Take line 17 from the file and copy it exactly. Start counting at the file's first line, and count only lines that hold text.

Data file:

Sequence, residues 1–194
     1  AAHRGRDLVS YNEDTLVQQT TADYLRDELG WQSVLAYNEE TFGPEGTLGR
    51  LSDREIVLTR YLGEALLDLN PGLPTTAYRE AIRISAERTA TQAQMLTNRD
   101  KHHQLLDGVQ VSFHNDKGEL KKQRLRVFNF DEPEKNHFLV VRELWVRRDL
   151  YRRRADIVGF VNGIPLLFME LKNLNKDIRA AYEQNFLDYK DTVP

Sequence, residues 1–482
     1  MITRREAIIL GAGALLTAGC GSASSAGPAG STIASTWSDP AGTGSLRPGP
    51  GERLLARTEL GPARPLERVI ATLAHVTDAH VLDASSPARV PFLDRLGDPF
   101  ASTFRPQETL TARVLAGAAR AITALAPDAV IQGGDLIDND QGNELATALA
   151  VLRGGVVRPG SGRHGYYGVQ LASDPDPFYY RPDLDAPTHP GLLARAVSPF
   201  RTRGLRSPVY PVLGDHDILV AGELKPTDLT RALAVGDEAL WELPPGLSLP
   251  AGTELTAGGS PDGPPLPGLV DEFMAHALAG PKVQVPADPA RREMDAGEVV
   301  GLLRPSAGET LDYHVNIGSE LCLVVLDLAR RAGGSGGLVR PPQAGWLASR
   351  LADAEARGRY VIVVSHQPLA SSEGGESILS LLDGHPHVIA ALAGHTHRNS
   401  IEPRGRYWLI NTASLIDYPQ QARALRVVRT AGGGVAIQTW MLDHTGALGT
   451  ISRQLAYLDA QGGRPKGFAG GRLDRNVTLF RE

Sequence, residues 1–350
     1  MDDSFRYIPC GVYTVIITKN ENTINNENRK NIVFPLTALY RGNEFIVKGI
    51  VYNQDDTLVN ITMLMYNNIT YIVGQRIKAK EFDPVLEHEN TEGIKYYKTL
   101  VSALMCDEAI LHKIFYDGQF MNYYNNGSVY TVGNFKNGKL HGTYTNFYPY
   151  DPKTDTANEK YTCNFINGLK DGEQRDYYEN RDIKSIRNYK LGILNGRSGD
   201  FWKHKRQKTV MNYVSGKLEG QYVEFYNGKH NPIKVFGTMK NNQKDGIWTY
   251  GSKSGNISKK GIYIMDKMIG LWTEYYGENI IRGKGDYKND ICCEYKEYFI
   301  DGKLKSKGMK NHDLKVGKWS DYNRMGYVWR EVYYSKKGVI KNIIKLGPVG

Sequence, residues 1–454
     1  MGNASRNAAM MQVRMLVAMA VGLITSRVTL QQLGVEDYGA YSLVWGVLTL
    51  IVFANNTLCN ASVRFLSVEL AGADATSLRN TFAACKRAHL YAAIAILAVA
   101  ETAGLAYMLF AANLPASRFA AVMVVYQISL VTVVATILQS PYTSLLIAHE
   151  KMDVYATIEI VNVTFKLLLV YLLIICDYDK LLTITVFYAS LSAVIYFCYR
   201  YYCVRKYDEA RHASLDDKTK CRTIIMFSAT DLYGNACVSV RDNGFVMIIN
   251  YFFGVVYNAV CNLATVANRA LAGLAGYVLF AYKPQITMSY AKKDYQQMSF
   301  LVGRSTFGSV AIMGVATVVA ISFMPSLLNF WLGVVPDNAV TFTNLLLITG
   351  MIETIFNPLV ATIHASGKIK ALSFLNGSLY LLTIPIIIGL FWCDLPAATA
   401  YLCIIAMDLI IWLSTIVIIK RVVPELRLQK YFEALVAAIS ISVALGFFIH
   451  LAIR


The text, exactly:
Sequence, residues 1–350